The Office for Nuclear Regulation (ONR) undertakes all regulatory interaction with the Sellafield site licensee (Sellafield Limited, SL) against a strategy defined by the ONR Sellafield Programme.
In accordance with that Strategy, a system based inspection of the Analytical Services (AS) ventilation system was planned for March 2015. The purpose of this inspection was for the ONR to confirm the adequacy of implementation of the licensee’s safety case claims in respect of this system.
As part of our system based inspections, we examine evidence of the adequate implementation of six licence conditions. These licence conditions (listed below) have been selected in view of their importance to nuclear safety and are defined within ONR’s formal process for system based inspection.
I carried out a two-day, on-site, system based inspection of the ventilation system within AS, with technical support from a Control and Instrumentation (C&I) specialist. The inspection comprised discussions with SL staff, a plant walk down and reviews of plant records and other documentation.
The ventilation system was judged to be adequate.
From the evidence made available to me during this inspection, I consider that SL has implemented adequately those claims within the facility safety case that relate to the ventilation system.
In terms of management of the system’s physical condition, I consider that SL is working to improve its understanding of the system health, and has improved its control and delivery of maintenance and inspection over the last 18 months. This was particularly evident during the plant walk down. There is also some evidence that SL has started to develop a proactive approach to asset care for this system. Nevertheless, I consider that SL still has work to undertake before it has a full understanding of asset condition within the ventilation system, but I note the planned and funded programme of improvements which gives me confidence that this will be achieved.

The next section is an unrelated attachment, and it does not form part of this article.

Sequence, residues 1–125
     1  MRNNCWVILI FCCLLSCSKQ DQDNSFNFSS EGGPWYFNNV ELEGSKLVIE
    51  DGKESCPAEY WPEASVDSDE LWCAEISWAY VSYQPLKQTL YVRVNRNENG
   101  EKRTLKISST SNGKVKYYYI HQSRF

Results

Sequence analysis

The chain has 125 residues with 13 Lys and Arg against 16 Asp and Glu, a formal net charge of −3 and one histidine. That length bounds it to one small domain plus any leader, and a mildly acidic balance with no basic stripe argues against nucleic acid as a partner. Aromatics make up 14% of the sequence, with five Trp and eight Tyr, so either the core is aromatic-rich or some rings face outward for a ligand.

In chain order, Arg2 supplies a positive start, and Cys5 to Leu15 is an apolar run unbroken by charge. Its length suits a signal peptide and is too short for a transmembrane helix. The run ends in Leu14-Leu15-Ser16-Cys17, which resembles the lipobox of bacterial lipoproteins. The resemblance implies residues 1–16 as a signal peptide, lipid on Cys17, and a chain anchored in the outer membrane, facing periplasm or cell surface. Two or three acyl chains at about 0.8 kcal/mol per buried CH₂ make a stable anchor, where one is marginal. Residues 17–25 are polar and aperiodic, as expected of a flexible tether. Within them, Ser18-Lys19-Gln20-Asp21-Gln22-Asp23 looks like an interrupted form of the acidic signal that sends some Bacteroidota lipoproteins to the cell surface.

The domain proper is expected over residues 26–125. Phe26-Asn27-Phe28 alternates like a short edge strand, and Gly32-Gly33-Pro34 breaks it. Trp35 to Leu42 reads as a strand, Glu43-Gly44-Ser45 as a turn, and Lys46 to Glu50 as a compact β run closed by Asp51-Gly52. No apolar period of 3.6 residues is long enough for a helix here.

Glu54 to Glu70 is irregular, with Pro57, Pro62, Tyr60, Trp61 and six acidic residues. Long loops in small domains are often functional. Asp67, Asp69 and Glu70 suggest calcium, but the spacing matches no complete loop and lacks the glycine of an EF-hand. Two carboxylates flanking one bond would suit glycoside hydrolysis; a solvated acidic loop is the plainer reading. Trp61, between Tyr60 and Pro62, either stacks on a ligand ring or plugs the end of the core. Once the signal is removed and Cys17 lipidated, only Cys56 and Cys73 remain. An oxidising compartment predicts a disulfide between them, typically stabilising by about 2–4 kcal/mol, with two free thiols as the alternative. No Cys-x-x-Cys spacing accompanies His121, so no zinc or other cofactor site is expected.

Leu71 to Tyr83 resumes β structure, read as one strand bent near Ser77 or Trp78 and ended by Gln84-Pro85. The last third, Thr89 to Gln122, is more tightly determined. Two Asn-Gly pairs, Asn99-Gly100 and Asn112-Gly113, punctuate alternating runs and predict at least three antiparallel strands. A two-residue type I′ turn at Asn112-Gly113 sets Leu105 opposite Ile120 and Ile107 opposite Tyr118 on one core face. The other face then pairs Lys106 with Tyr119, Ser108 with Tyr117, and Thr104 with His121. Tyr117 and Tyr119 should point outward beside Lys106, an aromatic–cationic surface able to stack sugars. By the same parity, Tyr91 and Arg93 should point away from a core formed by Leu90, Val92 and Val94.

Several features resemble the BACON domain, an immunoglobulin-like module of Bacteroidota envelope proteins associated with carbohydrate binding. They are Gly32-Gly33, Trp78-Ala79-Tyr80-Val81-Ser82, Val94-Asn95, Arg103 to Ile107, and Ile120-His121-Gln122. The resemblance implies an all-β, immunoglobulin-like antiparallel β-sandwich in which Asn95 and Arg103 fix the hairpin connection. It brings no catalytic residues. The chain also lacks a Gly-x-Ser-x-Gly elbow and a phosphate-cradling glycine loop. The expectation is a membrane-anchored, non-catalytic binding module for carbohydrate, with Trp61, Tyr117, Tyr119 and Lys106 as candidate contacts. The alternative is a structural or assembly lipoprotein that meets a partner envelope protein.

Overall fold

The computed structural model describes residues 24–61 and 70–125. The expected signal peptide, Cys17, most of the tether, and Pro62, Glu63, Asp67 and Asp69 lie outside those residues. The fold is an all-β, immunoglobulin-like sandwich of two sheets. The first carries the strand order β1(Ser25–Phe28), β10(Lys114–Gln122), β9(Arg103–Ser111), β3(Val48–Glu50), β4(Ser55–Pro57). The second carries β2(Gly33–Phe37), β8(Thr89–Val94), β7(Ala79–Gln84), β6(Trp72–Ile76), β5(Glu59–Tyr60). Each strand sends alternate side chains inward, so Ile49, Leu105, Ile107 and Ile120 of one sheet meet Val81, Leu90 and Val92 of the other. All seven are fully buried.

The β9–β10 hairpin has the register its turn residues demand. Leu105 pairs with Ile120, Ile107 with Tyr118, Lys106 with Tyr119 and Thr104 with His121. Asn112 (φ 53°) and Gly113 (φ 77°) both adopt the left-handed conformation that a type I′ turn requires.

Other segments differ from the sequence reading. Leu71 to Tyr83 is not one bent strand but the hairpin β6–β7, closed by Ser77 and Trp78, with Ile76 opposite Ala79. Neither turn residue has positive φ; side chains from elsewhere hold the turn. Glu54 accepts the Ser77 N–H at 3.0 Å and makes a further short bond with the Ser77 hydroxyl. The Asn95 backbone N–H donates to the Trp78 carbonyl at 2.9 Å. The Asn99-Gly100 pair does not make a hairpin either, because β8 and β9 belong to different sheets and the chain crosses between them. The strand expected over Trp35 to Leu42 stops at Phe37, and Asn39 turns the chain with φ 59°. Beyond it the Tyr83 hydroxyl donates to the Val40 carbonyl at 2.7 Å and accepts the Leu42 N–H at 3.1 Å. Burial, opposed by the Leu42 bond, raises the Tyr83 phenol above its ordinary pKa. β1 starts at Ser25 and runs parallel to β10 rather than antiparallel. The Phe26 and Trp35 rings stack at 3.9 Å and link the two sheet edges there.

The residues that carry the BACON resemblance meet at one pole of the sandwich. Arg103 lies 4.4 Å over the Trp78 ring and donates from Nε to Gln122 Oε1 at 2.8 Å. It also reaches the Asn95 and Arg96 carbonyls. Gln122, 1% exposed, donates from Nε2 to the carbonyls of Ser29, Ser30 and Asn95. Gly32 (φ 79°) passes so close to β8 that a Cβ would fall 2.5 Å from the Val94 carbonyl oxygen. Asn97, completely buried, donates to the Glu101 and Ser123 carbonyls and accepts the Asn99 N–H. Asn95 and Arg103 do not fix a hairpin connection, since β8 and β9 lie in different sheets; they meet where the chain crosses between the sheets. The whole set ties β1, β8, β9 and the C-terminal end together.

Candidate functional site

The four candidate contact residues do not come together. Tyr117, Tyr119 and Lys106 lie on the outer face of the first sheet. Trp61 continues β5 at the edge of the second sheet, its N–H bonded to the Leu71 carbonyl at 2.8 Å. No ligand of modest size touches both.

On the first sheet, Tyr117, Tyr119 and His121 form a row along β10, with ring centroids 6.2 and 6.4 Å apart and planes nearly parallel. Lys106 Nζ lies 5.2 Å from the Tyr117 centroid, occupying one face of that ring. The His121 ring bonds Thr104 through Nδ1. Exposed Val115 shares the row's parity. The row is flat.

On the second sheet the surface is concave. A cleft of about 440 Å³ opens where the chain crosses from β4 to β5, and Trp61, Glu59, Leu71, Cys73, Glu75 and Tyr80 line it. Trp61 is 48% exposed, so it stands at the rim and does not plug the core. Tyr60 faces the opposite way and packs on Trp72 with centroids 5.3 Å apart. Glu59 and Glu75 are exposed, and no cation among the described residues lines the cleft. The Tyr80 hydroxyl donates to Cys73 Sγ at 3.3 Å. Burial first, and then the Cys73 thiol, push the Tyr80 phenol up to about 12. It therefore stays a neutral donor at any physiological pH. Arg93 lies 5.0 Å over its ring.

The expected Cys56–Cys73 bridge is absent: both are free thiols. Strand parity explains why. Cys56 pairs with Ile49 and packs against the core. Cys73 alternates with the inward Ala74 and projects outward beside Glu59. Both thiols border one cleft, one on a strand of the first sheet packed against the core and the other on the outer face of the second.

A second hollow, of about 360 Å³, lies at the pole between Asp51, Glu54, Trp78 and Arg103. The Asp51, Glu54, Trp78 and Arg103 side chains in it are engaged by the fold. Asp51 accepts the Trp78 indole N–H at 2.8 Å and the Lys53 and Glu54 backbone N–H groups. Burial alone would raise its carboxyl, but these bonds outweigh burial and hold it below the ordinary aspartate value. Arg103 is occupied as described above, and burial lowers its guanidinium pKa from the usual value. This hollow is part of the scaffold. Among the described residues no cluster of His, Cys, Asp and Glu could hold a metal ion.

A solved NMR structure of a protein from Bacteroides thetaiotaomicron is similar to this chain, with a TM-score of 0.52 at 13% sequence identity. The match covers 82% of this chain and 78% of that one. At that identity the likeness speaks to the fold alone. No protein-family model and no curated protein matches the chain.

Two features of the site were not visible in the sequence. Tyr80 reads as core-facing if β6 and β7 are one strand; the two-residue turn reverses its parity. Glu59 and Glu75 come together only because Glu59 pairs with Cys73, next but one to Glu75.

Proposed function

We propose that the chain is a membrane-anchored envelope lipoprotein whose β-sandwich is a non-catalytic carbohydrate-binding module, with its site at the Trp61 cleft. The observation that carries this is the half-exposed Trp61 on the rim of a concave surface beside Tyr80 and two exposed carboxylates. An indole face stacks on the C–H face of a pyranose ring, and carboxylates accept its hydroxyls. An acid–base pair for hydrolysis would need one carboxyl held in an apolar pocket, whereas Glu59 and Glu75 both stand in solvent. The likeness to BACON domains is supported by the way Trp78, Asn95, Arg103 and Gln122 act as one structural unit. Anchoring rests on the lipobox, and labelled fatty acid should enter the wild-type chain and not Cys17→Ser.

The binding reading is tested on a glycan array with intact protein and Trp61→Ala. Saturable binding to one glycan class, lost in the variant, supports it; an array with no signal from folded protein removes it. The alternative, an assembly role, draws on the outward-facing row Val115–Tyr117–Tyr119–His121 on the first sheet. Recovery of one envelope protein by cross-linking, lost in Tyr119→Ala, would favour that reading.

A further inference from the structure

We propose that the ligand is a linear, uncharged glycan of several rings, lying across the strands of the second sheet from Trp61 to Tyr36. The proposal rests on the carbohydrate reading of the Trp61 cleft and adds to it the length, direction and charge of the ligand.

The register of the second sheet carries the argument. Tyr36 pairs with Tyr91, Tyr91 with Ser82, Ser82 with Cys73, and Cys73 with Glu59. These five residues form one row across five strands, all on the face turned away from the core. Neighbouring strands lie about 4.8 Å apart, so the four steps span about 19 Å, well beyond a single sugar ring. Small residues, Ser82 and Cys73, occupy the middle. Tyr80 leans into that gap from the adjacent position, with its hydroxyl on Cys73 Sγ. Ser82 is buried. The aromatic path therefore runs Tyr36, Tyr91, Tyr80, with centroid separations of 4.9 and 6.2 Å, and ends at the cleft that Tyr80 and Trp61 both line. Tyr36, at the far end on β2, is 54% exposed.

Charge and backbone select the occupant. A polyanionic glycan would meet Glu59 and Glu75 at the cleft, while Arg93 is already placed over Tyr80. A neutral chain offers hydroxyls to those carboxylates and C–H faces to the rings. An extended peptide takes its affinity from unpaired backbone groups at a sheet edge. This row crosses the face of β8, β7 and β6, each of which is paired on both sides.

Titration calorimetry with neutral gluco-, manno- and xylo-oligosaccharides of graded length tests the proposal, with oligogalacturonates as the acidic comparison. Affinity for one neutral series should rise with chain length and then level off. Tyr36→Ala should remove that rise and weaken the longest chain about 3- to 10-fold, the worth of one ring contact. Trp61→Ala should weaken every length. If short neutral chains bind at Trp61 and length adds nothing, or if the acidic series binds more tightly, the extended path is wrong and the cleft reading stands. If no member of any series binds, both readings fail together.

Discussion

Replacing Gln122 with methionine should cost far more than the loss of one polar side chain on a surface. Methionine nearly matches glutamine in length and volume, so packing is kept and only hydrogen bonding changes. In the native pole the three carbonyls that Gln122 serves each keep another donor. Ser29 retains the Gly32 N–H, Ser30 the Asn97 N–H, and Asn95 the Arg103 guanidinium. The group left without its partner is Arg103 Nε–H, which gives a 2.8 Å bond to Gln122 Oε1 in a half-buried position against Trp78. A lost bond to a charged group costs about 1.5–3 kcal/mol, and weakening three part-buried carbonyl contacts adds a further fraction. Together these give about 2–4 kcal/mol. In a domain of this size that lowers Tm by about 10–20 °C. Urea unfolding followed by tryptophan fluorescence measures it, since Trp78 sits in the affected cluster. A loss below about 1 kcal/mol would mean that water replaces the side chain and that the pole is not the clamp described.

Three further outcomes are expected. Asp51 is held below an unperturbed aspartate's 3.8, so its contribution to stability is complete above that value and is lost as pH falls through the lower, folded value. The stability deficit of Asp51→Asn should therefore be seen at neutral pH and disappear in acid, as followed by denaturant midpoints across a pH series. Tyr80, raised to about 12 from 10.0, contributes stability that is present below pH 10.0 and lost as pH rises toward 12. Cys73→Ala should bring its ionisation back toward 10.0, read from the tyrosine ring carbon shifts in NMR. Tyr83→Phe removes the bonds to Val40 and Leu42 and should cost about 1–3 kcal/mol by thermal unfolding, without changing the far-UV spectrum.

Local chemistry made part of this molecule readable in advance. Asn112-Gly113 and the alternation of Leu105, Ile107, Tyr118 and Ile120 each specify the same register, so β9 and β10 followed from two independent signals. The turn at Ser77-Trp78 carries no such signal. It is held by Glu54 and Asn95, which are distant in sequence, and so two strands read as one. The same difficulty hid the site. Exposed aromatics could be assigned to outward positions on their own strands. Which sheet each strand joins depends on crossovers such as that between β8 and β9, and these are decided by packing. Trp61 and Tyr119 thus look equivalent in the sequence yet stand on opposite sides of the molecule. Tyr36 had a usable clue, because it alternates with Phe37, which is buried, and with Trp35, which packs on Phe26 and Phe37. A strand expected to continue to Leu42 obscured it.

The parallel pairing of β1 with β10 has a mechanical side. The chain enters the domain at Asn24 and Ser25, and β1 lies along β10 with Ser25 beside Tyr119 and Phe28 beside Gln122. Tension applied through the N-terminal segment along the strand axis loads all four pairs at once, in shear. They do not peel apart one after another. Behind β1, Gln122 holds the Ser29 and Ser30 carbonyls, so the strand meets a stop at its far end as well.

Based on discussions with facility staff during this inspection, I consider that SL has a reasonable understanding of the underlying causes of events that are experienced within the ventilation system, and that on the whole, it has used this understanding to direct where to prioritise remedial work within the facility.
I identified that a key safety claim on the ventilation system is based on operator response to loss of facility ventilation. The relevant safety case claim focuses on the ability of the facility to cease operations and evacuate the building in a timely manner, should the ventilation system not be available. During this inspection, I identified evidence that the protocol driving that evacuation decision was not always clearly understood, and that the operational monitoring supporting that decision is not clear and consistent. I have raised a Regulatory Issue to track SL’s progress in addressing this shortfall.
I also identified a number of areas of good practice within this inspection, notably within the provision of arrangements for the identification and control of radioactive leakage and escape from the system, where effective trending and a challenging checking culture are embedded. These areas of good practice have, consequentially, attracted higher IIS ratings.
From the evidence sampled during this inspection, I judge that the licensee has implemented adequately the relevant claims within the safety case, and that, with one exception, there was evidence that the formal arrangements for all the licence conditions I inspected against were also implemented adequately.
I have however identified one area (LC24) where SL has agreed to make improvements. I have raised an ONR Regulatory Issue in order to track SL’s progress in this regard.